Grover Norquist is a right wing extremist when it comes to taxes and his “Taxpayer Protection Pledge,” but in some circles on the far right he’s not to be trusted because he married a Palestinian Muslim. That’s right. The hero of many in the Tea Party has incurred the wrath of neoconservative nutjob Frank Gaffney, the high priest of conspiracy nuts on the right. You can read this article for a summary of the feud between these guys.
Gaffney is one of those neocons that helped sell the Iraq War and is now convinced that the Muslim Brotherhood is infiltrating the US government. To get some perspective on how nutty this guy is, watch the clip above where he tries to tie Saddam Hussein to the Oklahoma City Bombing!!! Even Pat Buchanan dismisses Gaffney as a nut.
Gaffney is the source behind the recent crusade by wingnuts Michele Bachmann and Louie Gohmert against Huma Abedin. But Gaffney doesn’t limit his conspiracy allegations to liberals as he’s proven with his allegations against Norquist. I guess it’s bi-partisan lunacy.
I don’t agree with Grover Norquist on anything, but this crusade against him is outrageous . . . and a little funny. It shows just how far off the deep end some on the right have gone, when even taxes and partisan politics won’t stop their wild conspiracy allegations.
Like 75 percent of Americans and most of Congress, I supported the war with Iraq. Much of that support was the result of selected intelligence from the Bush administration. The White House suffered a systemic breakdown, with a vice president and secretary of defense more focused on justifying a war than showing the type of caution our troops deserve before being sent to fight in a foreign land.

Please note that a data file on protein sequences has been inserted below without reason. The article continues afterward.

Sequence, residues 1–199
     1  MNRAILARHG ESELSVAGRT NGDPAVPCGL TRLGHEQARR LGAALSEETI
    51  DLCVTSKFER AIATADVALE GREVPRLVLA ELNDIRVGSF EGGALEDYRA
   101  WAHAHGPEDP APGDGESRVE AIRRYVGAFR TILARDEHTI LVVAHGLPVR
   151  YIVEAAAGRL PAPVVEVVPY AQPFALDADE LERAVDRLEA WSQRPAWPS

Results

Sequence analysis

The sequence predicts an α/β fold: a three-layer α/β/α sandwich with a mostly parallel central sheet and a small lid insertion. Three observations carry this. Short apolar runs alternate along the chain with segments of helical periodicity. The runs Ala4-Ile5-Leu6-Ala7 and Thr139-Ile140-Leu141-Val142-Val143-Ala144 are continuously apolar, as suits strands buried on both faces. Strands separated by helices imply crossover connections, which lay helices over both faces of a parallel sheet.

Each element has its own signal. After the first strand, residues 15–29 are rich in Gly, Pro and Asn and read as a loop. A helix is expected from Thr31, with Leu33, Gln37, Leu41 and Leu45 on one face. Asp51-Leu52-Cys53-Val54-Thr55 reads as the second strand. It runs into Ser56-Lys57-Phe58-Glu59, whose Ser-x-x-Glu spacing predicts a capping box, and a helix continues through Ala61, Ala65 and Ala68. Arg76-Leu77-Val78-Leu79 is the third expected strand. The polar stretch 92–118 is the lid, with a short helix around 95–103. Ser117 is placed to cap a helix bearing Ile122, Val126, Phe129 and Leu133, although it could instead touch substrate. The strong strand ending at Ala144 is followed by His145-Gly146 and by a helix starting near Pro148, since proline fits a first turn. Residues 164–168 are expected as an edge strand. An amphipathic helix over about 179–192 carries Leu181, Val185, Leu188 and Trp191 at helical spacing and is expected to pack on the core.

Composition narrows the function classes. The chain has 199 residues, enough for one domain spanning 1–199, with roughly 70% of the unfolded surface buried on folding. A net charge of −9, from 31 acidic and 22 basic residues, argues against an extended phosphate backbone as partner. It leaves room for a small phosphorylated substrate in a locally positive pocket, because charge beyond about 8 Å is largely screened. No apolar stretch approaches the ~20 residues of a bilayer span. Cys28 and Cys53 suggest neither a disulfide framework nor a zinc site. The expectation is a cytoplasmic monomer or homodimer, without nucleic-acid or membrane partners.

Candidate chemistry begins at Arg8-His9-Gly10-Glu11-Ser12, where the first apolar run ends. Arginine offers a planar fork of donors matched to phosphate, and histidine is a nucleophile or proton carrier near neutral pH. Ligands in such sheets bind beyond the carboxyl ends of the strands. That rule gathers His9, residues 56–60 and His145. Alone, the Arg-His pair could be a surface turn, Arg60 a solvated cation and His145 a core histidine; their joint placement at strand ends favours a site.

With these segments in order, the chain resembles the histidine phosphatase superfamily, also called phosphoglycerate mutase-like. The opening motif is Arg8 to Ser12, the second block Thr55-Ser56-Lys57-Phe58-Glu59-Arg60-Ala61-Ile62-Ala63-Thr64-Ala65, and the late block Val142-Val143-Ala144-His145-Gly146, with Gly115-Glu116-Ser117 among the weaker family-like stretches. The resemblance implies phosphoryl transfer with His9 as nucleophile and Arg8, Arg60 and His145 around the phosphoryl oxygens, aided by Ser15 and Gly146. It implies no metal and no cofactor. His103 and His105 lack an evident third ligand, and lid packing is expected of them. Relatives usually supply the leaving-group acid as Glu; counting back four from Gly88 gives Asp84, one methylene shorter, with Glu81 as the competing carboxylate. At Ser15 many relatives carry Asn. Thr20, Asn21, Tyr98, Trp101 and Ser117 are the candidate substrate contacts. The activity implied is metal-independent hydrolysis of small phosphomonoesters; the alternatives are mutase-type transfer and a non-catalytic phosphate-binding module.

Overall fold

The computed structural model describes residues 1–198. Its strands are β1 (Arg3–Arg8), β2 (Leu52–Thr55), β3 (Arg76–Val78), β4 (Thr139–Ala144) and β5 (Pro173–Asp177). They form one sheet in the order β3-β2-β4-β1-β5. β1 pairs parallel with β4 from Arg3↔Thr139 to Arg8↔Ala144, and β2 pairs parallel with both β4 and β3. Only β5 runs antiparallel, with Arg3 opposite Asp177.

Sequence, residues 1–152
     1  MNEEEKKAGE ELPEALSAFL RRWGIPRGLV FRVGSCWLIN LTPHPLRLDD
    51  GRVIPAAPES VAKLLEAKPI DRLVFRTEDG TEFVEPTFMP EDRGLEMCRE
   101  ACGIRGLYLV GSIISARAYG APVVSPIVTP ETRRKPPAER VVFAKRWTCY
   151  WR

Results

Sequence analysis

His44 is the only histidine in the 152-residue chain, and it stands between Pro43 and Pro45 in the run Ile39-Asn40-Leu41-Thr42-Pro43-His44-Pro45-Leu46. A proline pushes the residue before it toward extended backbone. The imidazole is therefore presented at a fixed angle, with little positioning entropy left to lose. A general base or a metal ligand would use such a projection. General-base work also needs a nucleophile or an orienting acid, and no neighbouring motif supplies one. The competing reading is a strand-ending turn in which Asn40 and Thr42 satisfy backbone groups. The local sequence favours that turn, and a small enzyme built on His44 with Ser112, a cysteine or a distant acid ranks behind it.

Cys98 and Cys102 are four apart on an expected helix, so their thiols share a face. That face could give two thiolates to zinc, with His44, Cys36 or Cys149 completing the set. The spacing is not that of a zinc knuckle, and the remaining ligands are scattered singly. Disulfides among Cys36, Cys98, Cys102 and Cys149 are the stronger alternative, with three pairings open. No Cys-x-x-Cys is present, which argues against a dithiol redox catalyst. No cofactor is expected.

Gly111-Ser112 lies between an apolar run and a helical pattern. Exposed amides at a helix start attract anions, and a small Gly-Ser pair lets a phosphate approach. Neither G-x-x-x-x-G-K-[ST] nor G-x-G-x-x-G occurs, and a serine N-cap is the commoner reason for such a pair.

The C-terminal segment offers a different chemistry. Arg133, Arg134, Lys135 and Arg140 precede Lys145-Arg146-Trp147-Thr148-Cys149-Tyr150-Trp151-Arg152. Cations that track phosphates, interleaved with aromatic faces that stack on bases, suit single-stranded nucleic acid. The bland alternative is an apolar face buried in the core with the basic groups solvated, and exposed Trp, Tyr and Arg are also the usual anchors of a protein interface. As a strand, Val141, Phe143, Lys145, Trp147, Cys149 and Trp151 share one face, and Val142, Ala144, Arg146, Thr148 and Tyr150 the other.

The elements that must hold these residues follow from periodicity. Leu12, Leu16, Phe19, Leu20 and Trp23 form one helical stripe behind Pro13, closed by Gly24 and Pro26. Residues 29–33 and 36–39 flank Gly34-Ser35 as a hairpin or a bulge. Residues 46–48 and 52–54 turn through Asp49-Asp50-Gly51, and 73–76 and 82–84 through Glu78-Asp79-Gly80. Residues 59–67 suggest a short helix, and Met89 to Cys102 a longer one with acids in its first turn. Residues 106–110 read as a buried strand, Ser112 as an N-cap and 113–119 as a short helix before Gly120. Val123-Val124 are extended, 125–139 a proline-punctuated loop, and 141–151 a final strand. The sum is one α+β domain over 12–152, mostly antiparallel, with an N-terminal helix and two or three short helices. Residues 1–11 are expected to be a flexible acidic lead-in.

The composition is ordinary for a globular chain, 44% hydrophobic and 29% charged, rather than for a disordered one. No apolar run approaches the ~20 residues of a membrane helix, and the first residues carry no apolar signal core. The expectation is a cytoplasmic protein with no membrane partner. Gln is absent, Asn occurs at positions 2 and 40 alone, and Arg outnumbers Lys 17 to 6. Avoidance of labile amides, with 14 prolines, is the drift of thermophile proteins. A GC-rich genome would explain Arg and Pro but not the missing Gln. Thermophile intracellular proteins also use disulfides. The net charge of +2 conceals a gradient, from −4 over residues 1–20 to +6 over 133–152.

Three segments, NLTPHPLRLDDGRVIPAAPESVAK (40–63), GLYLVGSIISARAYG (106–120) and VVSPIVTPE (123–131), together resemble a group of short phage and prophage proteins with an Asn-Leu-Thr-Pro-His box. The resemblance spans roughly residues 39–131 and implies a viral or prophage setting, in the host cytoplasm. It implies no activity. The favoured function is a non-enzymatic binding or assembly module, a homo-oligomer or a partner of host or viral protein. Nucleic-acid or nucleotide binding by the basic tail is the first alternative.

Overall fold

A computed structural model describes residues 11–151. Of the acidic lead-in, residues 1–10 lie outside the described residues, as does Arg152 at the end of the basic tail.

George W. Bush was also guilty of gross negligence, in part, by failing to reach out to the two greatest living experts on warfare in the Persian Gulf. Eight years later, it is still hard to believe that the commander in chief refused to seek the advice of his father or his secretary of state, who had run a searingly efficient military campaign a little more than a decade earlier — in the same region, against the same dictator. But as Bush told Bob Woodward, there was no reason to ask Colin Powell’s advice because he knew the general opposed the invasion. Bush 43 also told Woodward that there was no need to seek out Bush 41’s wisdom since he had his “Heavenly Father” to consult.
George W. Bush’s decision to remain isolated and willfully ignorant of these great leaders’ insights led to a disastrous war that could have been avoided. Instead, the invasion of Iraq was launched on March 19, 2003. And despite what media outlets and Democratic politicians would like you to believe, the war began with greater bipartisan support than the 1991 Gulf War.
I guess it’s nice to hear Scarborough acknowledge that he supported this fiasco, but this statement is somewhat misleading. Notice how he mentions that 75% of Americans supported the war. If you didn’t know Scarborough’s past, you might assume he was just one of many Americans who went along with the President. But he was much more than that, as he had his own cable show on MSNBC at the time, Scarborough Country, and he used that platform to become one of the loudest cheerleaders for the war. And, he enthusiastically mocked people who were against it. Joe Scarborough contributed to a climate that made it more difficult for rational voices who opposed the war and questioned the Bush/Cheney/Rove propaganda machine on WMD. He didn’t just go along; he helped lead the parade.
It was obvious to some of us that Bush was cherry-picking the intelligence. If you dug a little, there were journalists who were questioning the intelligence, but most people on network television and in the newsroom of The New York Times were either too stupid o